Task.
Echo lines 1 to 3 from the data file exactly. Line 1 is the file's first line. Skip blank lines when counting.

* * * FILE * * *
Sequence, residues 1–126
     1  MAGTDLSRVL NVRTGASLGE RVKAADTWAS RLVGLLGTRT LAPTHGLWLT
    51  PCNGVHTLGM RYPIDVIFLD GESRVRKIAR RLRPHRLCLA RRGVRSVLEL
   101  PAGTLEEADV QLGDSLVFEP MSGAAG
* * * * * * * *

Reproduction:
Sequence, residues 1–126
     1  MAGTDLSRVL NVRTGASLGE RVKAADTWAS RLVGLLGTRT LAPTHGLWLT
    51  PCNGVHTLGM RYPIDVIFLD GESRVRKIAR RLRPHRLCLA RRGVRSVLEL